We worked with our client ExactTarget (now Salesforce Marketing Cloud) to design an email marketing application for Web.com, a hosting and web design provider for small businesses.
When we say small businesses, we’re talking about very small. Typically a single owner / employee providing a service or running a retail establishment – often they’re on a first name basis with their customers! Web.com wanted to offer these businesses a powerful but easy-to-use email marketing suite.
Fundamental to this project was our research finding that these folks were not email-marketing savvy. Most of them had never used email as a business promotion tool. This understanding became the center of gravity for our design. The result is a tool that turns many marketing concepts on their head to ensure a process that is as simple as possible while still allowing for sophisticated email marketing.
Making Navigation Obvious
As we considered the beginner’s mind, we re-thought what primary objects were called. In the email marketing world ‘Campaigns’ and ‘Subscribers’ are typical ways to describe email and the people who receive them. But if you’re a contractor or a landscape designer, these words may end up sounding more unusual than typical. We worked to reduce the friction users would have when working in the site; ‘Emails’ are emails; ‘Contacts’ are contacts. Both translated well from the real world, not specialized marketing terms.
Dynamic Design Based On Experience
We developed a dynamic guided experience that matured along with the user. This included three states of each dashboard module, helpful content inserted if no user-content was created yet and concepts like “Suggested Next Steps” to guide someone with little time who wanted to maximize their product usage.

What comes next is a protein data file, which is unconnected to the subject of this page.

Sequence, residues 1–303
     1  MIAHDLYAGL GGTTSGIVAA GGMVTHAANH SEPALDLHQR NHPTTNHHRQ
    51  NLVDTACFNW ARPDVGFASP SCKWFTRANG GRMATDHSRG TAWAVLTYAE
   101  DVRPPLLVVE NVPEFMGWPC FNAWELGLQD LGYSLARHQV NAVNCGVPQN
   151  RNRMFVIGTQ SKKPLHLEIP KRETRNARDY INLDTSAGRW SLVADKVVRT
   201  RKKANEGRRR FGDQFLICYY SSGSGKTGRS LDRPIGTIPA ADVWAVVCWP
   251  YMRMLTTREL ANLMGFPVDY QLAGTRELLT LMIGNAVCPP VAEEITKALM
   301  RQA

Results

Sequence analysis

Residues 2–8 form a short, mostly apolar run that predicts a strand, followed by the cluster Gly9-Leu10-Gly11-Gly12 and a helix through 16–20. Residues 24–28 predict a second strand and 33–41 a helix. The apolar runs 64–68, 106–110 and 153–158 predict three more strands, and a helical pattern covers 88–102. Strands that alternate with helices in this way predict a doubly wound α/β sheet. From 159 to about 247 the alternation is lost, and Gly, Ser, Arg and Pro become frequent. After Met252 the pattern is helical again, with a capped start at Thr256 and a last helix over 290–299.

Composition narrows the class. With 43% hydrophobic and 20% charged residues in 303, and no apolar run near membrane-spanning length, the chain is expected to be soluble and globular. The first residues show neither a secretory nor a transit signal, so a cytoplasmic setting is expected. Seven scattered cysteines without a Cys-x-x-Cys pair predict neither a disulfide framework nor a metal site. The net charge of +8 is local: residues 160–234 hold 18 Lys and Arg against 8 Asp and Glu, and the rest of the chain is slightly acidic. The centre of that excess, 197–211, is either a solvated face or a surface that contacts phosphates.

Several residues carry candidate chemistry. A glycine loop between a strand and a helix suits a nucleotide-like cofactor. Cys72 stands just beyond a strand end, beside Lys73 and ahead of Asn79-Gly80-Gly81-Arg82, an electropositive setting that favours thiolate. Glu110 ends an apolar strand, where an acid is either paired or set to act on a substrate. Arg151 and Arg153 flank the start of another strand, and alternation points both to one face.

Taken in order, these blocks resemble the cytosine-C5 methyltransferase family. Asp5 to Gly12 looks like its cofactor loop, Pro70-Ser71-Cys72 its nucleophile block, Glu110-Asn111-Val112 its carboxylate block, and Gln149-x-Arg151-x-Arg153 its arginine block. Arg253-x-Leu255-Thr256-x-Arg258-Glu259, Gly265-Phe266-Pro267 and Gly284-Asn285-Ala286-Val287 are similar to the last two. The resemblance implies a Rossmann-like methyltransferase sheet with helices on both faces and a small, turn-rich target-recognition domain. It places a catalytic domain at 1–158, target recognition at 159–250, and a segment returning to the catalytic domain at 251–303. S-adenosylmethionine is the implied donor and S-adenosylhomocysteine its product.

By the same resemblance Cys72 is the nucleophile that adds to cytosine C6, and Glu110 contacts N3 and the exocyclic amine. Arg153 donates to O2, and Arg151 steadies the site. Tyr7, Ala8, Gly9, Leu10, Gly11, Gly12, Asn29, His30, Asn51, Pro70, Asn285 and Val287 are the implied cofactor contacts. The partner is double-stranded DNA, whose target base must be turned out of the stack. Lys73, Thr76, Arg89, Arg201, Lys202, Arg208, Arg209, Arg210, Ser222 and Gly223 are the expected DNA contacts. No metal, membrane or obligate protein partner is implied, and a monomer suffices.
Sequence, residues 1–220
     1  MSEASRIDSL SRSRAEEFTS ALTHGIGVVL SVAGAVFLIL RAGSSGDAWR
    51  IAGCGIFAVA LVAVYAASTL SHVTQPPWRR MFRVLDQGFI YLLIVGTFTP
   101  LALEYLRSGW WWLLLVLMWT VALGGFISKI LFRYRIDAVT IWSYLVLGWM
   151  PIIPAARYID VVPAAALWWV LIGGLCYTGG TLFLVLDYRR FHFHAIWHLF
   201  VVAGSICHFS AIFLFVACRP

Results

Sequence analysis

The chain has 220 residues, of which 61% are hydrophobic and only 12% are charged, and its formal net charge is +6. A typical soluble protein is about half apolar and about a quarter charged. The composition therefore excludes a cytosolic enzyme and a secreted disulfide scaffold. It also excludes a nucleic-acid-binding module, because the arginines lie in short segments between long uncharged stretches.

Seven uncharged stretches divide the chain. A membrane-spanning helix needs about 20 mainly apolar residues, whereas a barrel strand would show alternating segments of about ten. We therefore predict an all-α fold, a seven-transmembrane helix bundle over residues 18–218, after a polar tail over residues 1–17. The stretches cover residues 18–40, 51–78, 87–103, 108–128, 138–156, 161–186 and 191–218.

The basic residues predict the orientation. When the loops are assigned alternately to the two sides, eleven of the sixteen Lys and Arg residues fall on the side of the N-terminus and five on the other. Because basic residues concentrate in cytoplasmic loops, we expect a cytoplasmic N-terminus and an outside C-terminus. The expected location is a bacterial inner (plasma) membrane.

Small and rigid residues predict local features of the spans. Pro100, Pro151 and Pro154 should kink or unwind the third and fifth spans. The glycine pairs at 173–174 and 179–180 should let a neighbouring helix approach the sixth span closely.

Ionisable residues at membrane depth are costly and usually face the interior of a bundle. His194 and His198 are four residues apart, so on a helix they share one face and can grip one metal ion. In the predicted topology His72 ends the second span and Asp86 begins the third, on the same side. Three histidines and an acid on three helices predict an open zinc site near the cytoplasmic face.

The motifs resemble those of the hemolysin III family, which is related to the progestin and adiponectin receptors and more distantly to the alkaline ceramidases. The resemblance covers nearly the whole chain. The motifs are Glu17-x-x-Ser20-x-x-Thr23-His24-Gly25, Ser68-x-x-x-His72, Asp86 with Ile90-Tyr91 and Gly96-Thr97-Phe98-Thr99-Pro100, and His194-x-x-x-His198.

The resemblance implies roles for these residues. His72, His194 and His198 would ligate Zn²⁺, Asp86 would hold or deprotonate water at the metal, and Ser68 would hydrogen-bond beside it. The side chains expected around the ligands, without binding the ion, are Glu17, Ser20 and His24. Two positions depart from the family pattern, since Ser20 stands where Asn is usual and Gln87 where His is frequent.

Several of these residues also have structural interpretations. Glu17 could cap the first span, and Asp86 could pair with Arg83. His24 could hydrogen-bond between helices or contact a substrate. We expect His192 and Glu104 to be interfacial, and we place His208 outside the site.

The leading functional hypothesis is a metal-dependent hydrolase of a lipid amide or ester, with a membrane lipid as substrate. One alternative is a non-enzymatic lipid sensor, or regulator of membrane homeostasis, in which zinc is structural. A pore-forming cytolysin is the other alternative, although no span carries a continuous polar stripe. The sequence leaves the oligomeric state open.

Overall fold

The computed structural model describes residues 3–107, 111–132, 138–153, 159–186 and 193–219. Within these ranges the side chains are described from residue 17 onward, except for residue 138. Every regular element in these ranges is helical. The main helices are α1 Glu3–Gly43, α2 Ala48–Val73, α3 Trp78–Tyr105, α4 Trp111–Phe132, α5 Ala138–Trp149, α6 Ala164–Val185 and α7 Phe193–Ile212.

Plentiful, Easily Accessed Resources
We focused on building a guide that helped inexperienced business owners through the steps of using the product. A primary design decision was to surfacing content contextually so a user never had to dig through an FAQ or Help section to find simple answers.
The bulk of the content – related to operational questions – was built into videos. Tips and short lists provided additional information in a ‘just-in-time’ fashion.
Creating an Email
On many email marketing services, the experience of creating an email goes through many steps before a user actually arrives at the fun part of choosing a theme and layout. We cut out all of the standard form fields and details so users could start creating an email straight away.
Describing Purpose Instead Of Layout
We found through research that there are key layouts that work well for different types of messages. So, instead of naming different layouts based on a grid or visual style, we chose a naming-convention that described the type of message being composed.
For instance, layouts named ‘Newsletters’, ‘Events’, ‘Announcements’ and ‘Coupons/Offers’ made it much simpler for users to decide which layout to select.
Additionally, the “dummy” content of the layout was actual content written as if it were a real email providing a good starting point from which to modify as necessary.
Our solution to avoid having the end user name and organize emails created but not yet sent was to auto-save drafts as soon as they began adding content. The name of the email is then a combination of layout choice along with a timestamp.
Tips to Improve
As a first time marketer, it’s exciting to watch people open and click on your email content. What to do if those numbers aren’t what you were expecting or hoping? What if you had no idea what to expect? We worked with ExactTarget to understand the most common issues that go into poor performing emails and content and placed those tips inline as users reviewed results.
Once a user sends more than a single email, they start to think about how email marketing impacts the bottom line in a broader way. Seeing an overview of performance across all sent emails teaches them about simple best practices that can be leveraged in their future mailings.
All products should be designed this way
A design focus on a beginning user is valuable for any product. Dynamic display can get the help tools out of the way as users become more experienced, and the result is a more user-centric product design.